Rep. Alexandria Ocasio-CortezAlexandria Ocasio-CortezOcasio-Cortez says Trump’s Georgia call is an impeachable offense Cori Bush shares picture of expanded ‘Squad’ LIVE COVERAGE: House votes to name Speaker MORE (D-N.Y.) this week did not rule out a 2022 primary challenge to Senate Minority Leader Charles SchumerChuck SchumerFor myopic media, breaking up with Trump will be hard to do Senate Democrats rebuke GOP colleagues who say they’ll oppose Electoral College results Democrats wasted two years on impeachment instead of much needed infrastructure MORE (D-N.Y.), saying she is still deciding what her plans for the future are.
“I’m not playing coy or anything like that. I’m still very much in a place where I’m trying to decide what is the most effective thing I can do to help our Congress, our [political] process, and our country actually address the issues of climate change, health care, wage inequality, etc.,” she told the newly launched publication Punchbowl in an exclusive interview.
Asked whether her decision would be affected if Democrats look likely to lose their House majority, Ocasio-Cortez responded “I’m not sure about that either. For me, I don’t make these decisions based on these short-term factors.”
The 30-year-old congresswoman went on to say she is thinking beyond a two-year time frame, saying “If I want to have a child, I would want my child – or my nieces or nephews – to have guaranteed health care by the time they’re my age. And freedom from want. I’m also very indecisive.”
As to her relationship with Schumer, she told the newsletter “He and I have an open relationship, we speak to each other regularly.”
Asked if she believed the minority leader is doing a satisfactory job, Ocasio-Cortez called that a “hard thing to say.”
“We’ve had to deal with a fascist president and [Senate Majority Leader] Mitch McConnellAddison (Mitch) Mitchell McConnellCotton breaks with conservative colleagues who will oppose electoral vote count McCarthy says he supports effort to challenge Electoral College results Senate swears-in six new lawmakers as 117th Congress convenes MORE [R-Ky.],” she said. “There’s this thing, ‘Are we doing a good job?’ There are things you can do in the minority. There are also things you couldn’t do with this minority because Senate rules changed.”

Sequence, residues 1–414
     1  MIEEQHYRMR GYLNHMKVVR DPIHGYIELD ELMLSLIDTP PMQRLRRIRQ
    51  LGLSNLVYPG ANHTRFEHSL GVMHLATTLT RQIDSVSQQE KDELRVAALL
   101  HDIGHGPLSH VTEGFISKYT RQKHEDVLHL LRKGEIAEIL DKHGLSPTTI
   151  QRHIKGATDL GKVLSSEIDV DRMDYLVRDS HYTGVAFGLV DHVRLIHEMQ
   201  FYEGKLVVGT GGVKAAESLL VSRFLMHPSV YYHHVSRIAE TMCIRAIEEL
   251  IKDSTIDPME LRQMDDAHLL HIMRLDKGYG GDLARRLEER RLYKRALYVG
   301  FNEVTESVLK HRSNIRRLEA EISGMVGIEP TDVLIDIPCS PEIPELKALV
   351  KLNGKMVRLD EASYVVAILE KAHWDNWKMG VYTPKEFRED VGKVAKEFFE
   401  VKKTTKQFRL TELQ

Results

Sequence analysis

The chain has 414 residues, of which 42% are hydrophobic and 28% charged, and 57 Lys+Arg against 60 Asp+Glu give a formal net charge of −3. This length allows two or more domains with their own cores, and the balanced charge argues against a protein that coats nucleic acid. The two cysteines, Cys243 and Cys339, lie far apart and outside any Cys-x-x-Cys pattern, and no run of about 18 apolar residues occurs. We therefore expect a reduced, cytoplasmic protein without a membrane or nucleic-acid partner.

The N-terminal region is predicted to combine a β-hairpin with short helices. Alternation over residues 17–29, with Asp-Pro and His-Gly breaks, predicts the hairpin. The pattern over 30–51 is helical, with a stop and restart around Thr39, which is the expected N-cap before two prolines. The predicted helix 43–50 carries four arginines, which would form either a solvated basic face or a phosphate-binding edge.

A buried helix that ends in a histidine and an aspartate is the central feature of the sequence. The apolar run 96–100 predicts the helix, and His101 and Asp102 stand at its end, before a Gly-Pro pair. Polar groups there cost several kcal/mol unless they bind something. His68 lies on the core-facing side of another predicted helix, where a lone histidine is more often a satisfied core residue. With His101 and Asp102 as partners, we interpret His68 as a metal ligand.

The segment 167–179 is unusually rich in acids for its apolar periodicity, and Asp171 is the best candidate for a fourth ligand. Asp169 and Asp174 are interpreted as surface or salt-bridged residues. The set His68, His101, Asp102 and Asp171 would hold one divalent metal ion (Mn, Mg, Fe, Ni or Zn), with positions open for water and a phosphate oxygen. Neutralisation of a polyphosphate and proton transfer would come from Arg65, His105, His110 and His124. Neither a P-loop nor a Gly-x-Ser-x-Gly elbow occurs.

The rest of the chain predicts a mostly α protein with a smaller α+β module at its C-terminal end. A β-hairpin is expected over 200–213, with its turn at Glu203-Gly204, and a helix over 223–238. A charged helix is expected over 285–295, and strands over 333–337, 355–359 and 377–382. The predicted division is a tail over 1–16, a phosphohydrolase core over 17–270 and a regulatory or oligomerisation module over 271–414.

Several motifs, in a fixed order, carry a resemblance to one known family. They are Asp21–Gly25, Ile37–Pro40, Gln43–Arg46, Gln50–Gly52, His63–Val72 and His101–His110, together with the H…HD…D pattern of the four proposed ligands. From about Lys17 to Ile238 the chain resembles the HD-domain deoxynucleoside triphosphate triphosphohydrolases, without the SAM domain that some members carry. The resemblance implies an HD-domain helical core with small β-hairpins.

The New York congresswoman, who unseated a House veteran in a Democratic primary in 2018 on her path to winning her seat has been asked numerous times whether she is considering challenging Schumer but has never directly expressed a desire to do so.
In a December interview with The Intercept’s podcast she said the Democratic Party “needs new leadership,” but said “the House is extraordinarily complex, and I’m not ready. It can’t be me. I know that I couldn’t do that job.”
Despite her public statements, President TrumpDonald TrumpCotton breaks with conservative colleagues who will oppose electoral vote count Trump to give Nunes Medal of Freedom: reports Hogan says lawmakers’ ‘scheme’ to overturn election results ‘makes a mockery of our system’ MORE has repeatedly predicted Ocasio-Cortez would win a primary challenge against Schumer, while last week state Democratic Party boss Jay Jacobs told the New York Post any such challenge would be doomed to failure.